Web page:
The initial incredible outpouring of stories under #metoo resulted in feelings of solidarity among women and empathy among men. But the movement has begun to elicit backlash. After an initial foray with #iwill, some men began to wonder if they should cancel the holiday party or avoid women at work altogether. David Greenberg warns us not to apply our newfound standard to historical moments built on a different mindset. Have we reached a dangerous tipping point where men can lose their jobs without due process? Is this a warlock hunt, a moral panic that will harm women as much as men? Are we all having private misgivings?
While I appreciate these warnings, I think they focus on the more facile elements of the movement. Rather than casting doubt on the #metoo idea, let’s more clearly articulate what we oppose. It is not sexual interaction. It is how sexual overtures or innuendo are used as performative tools for gaining power. Limiting this behavior holds benefits for women but also for many men.
Those airing concerns about #metoo conflate misunderstood human connection (happens all the time and unavoidable) and sexualized power (more malleable to changing societal norms). The concerns women in my field have unearthed are much less about the former than the latter. The women I know in the national security community are not necessarily objecting to a kiss–or even a grab as Claire Berlinski worries. They are objecting to comments implicating their sexuality in a serious briefing. “How old are you” one three-star general asked Nora Bensahel, then “how are you qualified to be here” and finally “you look like that actress”. Rosa Brooks’ introduced herself to a two-star general in her new job only to be told how “hot” her boss (Under Secretary of Defense Michelle Flournoy) was. In professional contexts these comments are not personal advances, they are performances to enhance one person’s power by referencing, and reinforcing, a sexualized power structure. Power and masculinity are tightly connected in our society, a connection that holds dangers.
Though our focus has been on the danger it poses to women, this sexualized power structure also menaces men. It reinforces a one-dimensional notion of manliness that many men do not fit. The sensitive boys, the “unathletic sons,” the nerds, to name a few. Men who do not fit this “manly man” model often suffer bullying or hazing because of their less than manly demeanor. Some try to avoid this by performing their manliness to prove their chops. This is likely one component of the Toxic Geek Culture that besets gaming communities and technology more generally.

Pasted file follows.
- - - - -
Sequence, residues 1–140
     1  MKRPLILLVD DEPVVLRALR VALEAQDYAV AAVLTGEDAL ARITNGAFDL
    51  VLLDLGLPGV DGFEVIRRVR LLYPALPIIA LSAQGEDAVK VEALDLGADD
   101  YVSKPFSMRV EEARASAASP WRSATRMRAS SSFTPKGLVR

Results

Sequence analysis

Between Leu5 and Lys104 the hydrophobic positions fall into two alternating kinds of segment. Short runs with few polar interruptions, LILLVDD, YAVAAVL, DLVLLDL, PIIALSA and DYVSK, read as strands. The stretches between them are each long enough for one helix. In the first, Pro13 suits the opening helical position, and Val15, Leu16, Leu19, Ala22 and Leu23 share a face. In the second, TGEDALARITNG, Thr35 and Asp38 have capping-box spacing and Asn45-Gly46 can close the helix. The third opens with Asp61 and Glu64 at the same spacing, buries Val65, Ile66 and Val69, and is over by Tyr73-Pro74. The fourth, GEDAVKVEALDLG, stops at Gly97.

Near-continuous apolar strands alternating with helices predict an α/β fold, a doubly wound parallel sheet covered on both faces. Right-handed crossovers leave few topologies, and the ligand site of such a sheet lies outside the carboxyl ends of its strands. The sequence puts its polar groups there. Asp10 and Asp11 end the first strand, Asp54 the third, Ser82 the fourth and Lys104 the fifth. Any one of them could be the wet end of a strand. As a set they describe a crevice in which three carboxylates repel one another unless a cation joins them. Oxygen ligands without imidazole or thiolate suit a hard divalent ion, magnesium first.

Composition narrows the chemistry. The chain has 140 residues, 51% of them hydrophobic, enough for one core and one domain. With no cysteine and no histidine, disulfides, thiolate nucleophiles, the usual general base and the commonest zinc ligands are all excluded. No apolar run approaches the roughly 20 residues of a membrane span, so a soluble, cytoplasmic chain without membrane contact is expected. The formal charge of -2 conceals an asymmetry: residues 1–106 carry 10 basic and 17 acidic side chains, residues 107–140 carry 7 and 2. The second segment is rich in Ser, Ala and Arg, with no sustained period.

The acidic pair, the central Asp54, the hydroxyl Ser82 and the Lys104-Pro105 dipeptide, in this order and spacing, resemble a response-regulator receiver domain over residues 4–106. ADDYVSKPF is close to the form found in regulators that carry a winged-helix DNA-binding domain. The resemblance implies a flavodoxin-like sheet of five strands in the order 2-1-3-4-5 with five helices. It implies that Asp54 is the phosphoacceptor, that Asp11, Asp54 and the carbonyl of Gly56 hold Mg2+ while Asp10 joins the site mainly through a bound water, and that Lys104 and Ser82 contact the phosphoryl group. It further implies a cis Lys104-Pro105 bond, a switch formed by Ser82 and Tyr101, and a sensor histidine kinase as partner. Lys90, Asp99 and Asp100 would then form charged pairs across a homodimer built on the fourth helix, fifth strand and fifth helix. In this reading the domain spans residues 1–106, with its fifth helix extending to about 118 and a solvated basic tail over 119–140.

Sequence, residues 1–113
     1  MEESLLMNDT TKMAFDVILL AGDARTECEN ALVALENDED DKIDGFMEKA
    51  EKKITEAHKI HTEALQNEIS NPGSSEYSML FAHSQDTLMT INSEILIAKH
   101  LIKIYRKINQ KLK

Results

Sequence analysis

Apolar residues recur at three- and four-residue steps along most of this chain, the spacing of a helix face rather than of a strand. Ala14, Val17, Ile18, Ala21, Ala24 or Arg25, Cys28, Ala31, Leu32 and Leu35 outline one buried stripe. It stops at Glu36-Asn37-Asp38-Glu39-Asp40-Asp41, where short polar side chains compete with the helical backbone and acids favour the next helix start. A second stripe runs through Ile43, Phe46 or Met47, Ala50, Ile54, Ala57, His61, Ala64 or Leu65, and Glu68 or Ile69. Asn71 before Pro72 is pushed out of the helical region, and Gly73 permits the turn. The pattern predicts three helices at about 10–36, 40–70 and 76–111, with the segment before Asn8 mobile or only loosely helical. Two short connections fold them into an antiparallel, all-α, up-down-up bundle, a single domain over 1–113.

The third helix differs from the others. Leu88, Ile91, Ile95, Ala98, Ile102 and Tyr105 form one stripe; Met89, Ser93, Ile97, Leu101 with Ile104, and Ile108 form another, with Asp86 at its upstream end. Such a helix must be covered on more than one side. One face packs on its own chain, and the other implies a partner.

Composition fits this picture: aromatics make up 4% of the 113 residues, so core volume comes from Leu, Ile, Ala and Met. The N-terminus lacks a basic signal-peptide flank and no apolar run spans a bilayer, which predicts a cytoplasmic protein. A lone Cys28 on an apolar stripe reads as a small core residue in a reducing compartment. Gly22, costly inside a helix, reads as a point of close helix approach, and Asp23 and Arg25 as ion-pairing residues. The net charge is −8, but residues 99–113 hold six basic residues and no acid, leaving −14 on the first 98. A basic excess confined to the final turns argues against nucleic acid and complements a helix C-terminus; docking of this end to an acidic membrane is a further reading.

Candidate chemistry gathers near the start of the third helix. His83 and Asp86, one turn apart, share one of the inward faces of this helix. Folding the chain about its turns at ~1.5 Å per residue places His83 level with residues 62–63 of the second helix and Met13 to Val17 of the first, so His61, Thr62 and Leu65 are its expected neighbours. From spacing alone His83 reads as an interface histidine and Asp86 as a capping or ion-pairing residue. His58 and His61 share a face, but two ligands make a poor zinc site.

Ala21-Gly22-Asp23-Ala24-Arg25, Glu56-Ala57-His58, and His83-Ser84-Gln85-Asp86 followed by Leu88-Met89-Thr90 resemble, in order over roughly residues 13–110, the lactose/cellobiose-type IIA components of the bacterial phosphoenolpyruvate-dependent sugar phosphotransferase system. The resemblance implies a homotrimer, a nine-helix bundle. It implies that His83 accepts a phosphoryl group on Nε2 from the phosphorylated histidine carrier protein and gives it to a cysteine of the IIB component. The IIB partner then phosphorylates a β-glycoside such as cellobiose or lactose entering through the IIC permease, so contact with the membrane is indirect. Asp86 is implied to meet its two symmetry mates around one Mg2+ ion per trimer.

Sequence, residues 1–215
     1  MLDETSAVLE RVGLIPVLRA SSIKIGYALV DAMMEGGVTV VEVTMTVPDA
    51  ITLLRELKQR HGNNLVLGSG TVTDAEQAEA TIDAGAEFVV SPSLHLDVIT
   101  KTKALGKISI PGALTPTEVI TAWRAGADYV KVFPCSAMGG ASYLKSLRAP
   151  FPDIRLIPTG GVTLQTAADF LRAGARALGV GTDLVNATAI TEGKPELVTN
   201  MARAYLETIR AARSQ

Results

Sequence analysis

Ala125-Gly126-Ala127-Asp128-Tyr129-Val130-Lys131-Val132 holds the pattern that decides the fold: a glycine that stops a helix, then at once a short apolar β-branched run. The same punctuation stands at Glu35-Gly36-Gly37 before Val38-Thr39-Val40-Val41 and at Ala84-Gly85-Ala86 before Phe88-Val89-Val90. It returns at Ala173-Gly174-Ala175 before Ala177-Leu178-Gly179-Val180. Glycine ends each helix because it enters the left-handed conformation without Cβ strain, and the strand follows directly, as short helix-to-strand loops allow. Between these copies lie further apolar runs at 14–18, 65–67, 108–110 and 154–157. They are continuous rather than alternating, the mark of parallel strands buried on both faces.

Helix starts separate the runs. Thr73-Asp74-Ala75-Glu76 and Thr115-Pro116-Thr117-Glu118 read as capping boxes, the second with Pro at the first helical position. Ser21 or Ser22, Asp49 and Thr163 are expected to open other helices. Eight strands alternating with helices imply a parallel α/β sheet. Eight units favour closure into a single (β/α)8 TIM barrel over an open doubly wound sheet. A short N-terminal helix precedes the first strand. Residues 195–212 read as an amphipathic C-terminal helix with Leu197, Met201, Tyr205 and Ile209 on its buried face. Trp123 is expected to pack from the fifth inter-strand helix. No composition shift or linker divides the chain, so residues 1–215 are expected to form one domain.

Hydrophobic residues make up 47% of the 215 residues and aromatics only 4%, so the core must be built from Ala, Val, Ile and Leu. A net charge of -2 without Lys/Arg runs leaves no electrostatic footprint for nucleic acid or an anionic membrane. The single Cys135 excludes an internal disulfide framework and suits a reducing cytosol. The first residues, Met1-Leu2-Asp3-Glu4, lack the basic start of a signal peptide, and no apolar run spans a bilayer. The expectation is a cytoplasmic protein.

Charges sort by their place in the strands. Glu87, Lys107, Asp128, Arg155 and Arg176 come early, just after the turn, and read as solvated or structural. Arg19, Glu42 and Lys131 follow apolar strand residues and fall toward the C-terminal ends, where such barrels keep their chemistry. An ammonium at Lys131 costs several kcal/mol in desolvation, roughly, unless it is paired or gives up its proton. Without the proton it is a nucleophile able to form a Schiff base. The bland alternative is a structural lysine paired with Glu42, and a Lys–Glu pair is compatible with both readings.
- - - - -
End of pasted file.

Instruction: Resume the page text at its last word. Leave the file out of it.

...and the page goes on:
I can’t help but wonder whether Al Franken was drawn to the low hanging sexualized stunts in order to show that he too was part of the “powerful” male club despite his nerdy appearance and interests. The performance of his sexuality entailed an attack on women’s power but would he have chosen a different route had the performative power attached to exerting his sexuality been less accepted?
This is not to excuse Franken’s behavior or anyone else’s. But in addition to individual responsibility we need to recognize the structures that tempt it. If #metoo can make performative sexual power less acceptable, if it helps create norms where reference to women’s bodies is not a tool for garnering power, it may also leave men who do not fit the manly model more room to operate and have greater influence. I look at my husband, my brother, my father, my sons and see people who do not fit this model. Indeed, many of them feel alienated by it–and increasingly uncomfortable about what “boys will be boys” allows (perhaps most dramatically illustrated by who is in the White House). Many men would be more comfortable to have a broader set of dimensions considered male, human, and powerful.
This will not be a panacea. Some who act in boorish ways are simply inclined to it and we will never rid ourselves of all the boars. But why call boorish behavior manly? Breaking down structures that see boar-like behavior the manly ideal (and the surest route to power) may allow men and women to see manliness as part of humanness, a more balanced mix of gender types. It may enhance our appreciation of different routes to power: articulating ideals that bring people together (Obama), demonstrating empathetic leadership (Pope Francis), or building technical futures (Bill Gates), among many others. It already is helping men be better allies by noticing behavior that contributes to an unfair gender structure.
Calling out sexualized power surely does also open nefarious opportunities for women. Some women will no doubt use this power in ways that Claire Berlinski and Daphne Merkin worry about. But I do wonder if concerns about this shift are similar to discomfort with the Last Jedi: it just doesn’t seem right for women to have access to sexualized power. To me, the risk of introducing toxic femininity is bearable and I see no reason why we can’t disapprove of performative uses of sexualized power by both men and women. But let’s not miss the #metoo opportunity to undermine legitimacy of these performances and recognize how this will benefit men as well as women.